It’s the Network: Class Project Leads to Wireless Navigation System for the Blind

Posted: November 3, 2008 at 1:00 am, Last Updated: November 30, -0001 at 12:00 am

Bijian Jabbari, Neda and x
Prof. Bijan Jabbari and students Neda Behrooz and Nikhil Bhagwat examine a wireless guide for the blind that the students created. Behrooz and Bhagwat earned their undergraduate degrees last May and are now in the electrical engineering master’s program at Mason.

By Jennifer Edgerly

When electrical engineering students Neda Behrooz, Nikhil Bhagwat and Victor Zapata had to decide on a senior design project, they all agreed to create something that would improve the quality of life for others.

Having previously taken a robotics course together, Behrooz and Bhagwat started talking about using robots to help physically handicapped people.

While reviewing the suggested topics for the advanced senior design project course (ECE 492/493), they came across the perfect task – creating a wireless guide for helping the blind.

The idea behind the project came from Bijan Jabbari, professor of electrical and computer engineering and faculty adviser to the group. The project’s purpose was for students to use wireless technology and sensors to design a guiding system for the blind. The students began investigating models that could effectively help sight-impaired people and designing a useful system to assist them.

Adding to the Stock of Tools for the Visually Impaired

Victor Zapata
Victor Zapata, who also worked on the student team, joined Abraxas Corporation after graduating.
Photo courtesy of Victor Zapata

According to the American Foundation for the Blind, more than 10 million people in North America are visually impaired. The most common tools used to increase the mobility of the visually impaired are white canes and guide dogs. However, there has been little technological advancement to assist the lives of the blind and visually impaired.

Behrooz, Bhagwat and Zapata, who graduated from Mason in May, worked closely with Jabbari and ultimately created a prototype cane that they would like to see developed further and made accessible to people with visual impairments.

Using the typical white cane, the trio implemented both an obstacle detection function – using two infrared sensors and one sonar sensor – as well as a wireless guide that locates and guides the user in an unknown environment.

close-up of cane

“The primary goal of the obstacle detection module on the cane is to inform the user about any obstacles in his or her path,” says Behrooz. “By using the two infrared sensors, and a sonar sensor, we are able to detect solid objects such as walls, but it can detect uneven surfaces, such as stairs, as well. The sonar sensor also identifies objects not found using infrared, such as glass doors.”

Using a combination of commercially available software and hardware, the cane’s infrared and sonar sensors send data to a microcontroller. The microcontroller is programmed to process the information, allowing it to recognize the obstacles. Once the obstacles are detected and recognized, the information is sent to a voice chip containing pre-recorded messages. Those messages are then communicated through a speaker to the user, alerting them to the obstacle ahead.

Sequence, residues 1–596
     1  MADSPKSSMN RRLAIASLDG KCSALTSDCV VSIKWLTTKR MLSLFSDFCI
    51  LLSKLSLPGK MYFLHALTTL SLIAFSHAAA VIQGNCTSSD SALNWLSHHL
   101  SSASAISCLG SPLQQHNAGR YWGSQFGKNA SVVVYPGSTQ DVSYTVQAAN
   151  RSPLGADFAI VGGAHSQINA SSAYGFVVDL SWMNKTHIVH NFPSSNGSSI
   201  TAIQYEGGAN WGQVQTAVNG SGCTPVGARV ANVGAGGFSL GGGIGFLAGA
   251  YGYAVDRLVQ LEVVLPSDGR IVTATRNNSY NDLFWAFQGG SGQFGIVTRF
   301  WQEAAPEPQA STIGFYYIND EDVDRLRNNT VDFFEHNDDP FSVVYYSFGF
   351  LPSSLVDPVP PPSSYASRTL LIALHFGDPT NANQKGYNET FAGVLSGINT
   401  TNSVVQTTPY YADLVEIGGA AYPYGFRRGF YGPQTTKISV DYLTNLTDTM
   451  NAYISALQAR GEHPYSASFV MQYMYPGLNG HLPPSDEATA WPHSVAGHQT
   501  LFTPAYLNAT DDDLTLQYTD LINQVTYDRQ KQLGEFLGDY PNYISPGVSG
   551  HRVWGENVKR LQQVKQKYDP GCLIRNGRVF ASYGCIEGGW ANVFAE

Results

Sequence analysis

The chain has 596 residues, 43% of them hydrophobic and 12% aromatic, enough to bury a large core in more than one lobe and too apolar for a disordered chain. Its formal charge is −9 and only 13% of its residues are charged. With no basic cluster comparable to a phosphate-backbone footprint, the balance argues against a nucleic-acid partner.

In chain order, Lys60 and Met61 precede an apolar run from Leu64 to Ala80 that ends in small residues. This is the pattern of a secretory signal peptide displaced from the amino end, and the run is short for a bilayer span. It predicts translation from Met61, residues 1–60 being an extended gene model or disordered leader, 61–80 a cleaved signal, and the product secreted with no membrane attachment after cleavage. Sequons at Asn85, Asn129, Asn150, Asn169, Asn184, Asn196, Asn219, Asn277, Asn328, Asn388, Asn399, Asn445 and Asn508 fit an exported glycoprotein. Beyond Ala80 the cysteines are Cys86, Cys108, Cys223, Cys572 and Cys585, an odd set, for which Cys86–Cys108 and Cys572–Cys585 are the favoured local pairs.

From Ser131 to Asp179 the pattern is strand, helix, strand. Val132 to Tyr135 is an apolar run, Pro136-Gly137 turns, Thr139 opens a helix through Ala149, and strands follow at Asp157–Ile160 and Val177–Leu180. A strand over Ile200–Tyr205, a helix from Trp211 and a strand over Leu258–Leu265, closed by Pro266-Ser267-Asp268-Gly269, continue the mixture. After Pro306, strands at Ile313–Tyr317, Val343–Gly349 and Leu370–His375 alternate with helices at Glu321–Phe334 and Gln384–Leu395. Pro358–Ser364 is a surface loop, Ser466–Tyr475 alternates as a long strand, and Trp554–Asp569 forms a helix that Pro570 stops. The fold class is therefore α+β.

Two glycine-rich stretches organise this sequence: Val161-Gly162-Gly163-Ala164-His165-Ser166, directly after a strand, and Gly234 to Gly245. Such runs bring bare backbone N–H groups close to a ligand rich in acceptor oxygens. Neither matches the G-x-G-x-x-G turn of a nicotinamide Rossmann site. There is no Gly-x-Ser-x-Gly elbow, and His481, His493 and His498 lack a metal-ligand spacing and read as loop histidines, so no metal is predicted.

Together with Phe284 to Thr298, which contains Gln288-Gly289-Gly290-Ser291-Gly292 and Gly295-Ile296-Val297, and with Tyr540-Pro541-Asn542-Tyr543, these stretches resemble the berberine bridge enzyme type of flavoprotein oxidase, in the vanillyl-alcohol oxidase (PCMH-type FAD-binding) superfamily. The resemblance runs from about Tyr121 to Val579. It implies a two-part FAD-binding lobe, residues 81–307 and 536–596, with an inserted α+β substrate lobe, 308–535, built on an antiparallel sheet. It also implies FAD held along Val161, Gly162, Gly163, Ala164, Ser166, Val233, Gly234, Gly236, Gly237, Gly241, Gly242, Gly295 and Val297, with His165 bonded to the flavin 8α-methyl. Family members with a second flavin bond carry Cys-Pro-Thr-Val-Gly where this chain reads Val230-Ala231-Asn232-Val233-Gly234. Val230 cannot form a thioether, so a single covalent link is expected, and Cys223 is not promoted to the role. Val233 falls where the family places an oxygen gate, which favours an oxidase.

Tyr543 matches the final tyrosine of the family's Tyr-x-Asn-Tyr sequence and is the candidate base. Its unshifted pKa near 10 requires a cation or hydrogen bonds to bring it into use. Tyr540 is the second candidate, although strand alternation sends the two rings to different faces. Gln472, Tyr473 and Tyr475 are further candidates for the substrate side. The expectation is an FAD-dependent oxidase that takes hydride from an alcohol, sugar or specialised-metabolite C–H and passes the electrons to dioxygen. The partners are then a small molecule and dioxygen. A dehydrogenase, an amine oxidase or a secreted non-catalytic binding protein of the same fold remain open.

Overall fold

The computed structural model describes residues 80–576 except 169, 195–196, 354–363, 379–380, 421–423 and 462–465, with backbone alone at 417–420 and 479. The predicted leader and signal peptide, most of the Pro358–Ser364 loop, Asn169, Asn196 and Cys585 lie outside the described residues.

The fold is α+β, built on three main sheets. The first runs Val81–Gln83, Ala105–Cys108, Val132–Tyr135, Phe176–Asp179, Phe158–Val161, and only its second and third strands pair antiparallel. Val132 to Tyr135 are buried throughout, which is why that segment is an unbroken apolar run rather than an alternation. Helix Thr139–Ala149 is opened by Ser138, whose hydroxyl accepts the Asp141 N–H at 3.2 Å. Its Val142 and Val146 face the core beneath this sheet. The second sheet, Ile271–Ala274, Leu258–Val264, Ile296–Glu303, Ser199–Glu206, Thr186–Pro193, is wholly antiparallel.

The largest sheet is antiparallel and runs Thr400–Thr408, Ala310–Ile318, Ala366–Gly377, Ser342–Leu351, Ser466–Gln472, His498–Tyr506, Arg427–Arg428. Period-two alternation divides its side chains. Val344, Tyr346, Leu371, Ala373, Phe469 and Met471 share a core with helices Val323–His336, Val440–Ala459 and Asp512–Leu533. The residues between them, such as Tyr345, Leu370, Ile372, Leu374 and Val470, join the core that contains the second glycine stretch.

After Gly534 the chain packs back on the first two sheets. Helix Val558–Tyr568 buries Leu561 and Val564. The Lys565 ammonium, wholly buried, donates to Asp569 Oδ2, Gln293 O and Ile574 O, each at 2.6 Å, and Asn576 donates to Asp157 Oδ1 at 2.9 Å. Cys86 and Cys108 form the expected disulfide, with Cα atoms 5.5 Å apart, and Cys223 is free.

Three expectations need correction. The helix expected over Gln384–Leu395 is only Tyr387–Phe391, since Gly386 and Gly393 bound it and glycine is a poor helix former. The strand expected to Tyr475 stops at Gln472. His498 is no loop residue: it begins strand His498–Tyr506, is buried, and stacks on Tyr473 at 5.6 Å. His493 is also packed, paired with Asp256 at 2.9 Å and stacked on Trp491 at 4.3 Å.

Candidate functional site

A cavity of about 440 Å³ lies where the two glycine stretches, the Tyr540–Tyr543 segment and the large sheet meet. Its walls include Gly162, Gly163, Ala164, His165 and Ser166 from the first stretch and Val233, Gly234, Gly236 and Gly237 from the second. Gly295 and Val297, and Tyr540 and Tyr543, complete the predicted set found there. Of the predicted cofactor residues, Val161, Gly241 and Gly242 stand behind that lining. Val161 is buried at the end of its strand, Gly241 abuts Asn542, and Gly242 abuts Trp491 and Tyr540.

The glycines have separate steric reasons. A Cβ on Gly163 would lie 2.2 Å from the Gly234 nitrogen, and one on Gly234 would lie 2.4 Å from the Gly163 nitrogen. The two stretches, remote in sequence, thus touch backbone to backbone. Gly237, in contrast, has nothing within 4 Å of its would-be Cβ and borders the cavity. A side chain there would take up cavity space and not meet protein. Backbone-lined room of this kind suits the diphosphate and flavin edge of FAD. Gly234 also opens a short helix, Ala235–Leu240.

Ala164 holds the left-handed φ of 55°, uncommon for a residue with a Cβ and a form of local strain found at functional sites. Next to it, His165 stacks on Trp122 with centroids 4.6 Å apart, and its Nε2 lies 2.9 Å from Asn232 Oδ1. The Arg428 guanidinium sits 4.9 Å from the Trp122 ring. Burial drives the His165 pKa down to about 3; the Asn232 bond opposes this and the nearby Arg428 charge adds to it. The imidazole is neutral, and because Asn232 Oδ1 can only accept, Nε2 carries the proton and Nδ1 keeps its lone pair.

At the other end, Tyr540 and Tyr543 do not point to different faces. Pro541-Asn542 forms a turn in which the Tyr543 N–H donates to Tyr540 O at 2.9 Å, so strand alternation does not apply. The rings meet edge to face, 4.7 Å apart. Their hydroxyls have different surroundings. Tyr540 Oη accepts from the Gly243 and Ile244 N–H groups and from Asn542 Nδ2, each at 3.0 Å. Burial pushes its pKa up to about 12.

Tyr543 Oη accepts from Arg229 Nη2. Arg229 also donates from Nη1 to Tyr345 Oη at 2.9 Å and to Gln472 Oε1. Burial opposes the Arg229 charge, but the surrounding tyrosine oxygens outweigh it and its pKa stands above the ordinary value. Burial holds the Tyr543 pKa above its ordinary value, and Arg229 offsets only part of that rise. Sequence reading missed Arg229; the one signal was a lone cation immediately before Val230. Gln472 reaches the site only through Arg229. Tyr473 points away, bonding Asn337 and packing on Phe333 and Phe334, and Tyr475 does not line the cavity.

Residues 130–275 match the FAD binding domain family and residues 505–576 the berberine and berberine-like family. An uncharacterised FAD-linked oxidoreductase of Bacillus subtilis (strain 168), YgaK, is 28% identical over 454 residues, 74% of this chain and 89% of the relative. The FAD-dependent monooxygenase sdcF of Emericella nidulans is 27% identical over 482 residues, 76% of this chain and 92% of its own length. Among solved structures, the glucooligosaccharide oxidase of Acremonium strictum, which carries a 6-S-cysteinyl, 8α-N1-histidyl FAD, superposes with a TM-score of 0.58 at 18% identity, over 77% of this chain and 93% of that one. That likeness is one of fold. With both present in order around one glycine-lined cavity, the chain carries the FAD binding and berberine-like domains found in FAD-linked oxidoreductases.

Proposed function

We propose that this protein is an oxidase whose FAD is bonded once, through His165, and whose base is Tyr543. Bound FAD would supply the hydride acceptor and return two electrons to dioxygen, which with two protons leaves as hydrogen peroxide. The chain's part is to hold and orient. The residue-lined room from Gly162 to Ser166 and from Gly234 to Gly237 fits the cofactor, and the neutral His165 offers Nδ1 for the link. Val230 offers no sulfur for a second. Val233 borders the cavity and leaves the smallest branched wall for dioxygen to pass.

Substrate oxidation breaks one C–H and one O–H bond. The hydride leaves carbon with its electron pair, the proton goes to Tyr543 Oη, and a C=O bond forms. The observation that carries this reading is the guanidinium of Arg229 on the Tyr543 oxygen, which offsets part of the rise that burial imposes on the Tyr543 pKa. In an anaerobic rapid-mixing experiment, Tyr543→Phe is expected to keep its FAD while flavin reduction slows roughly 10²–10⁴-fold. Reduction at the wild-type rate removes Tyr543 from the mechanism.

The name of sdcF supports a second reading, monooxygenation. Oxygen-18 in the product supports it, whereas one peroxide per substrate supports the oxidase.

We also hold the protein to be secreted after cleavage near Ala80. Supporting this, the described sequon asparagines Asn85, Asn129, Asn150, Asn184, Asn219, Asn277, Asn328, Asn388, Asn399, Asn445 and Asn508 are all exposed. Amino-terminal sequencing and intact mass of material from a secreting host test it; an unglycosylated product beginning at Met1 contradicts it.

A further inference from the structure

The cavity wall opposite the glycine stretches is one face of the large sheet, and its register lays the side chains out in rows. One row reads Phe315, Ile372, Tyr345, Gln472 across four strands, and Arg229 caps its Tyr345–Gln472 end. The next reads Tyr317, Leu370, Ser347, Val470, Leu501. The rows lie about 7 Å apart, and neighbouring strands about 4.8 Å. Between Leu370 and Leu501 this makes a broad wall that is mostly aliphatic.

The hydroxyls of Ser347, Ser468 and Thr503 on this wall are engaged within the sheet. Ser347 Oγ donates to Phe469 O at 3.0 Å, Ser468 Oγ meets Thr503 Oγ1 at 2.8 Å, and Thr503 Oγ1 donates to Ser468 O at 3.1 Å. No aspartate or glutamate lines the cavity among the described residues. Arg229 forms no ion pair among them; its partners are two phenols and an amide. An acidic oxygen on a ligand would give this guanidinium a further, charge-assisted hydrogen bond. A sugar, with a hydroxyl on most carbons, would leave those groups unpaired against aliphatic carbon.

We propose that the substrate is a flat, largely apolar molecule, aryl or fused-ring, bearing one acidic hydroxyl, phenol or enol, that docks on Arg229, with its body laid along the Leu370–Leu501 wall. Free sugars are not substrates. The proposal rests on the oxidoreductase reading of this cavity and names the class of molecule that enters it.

Realizing the Potential of Wireless Technology

Another part of the project was the creation of a wireless navigation guide. As building layouts and floor plans are more commonly mapped and uploaded to databases, such repositories, along with positioning technology, open up the possibility of assisting the sight impaired as well. This was one of Jabbari’s original objectives. For this particular project, the group was able to access a database containing a map of the second floor of the Science and Technology II building on the Fairfax Campus.

full-length view of cane
Photos by Evan Cantwell

Employing WiFi, the wireless guide (using a handheld device such as a PDA) connects to the database with the map of the building. Using a localization technique, the system finds the visually impaired individual within the building and identifies the location of restrooms, elevators and offices as the individual nears them.

“Based on our goals, this project was definitely a success. It not only increased the mobility and navigation of the blind and visually impaired, but it kept their safety as a high priority,” says Bhagwat. “While the cane was 100 percent functional when the project ended, there were definitely more modifications that could be made in order to increase its range and accuracy.”

After graduating in May, Behrooz and Bhagwat spent their summer working on modifications for the cane – including making it more compact and lightweight and adding a sensor for detecting head-level obstacles.

Behrooz and Bhagwat have returned to Mason to pursue master’s degrees in electrical engineering. Bhagwat is also working as a graduate research assistant in Jabbari’s Communications and Networking Laboratory. Following graduation, Zapata accepted a position as a technology development engineer with Abraxas Corporation in Herndon, Va.

“The wireless guide for assisting the visually impaired project is a vivid example of the societal application of wireless networks where there are significant opportunities to help improve the quality of life or the emergency response operation,” says Jabbari. “In my view, such real-life applications in wireless technology have the potential to help revitalize our economy, and in particular that of Northern Virginia, in the next decade.”

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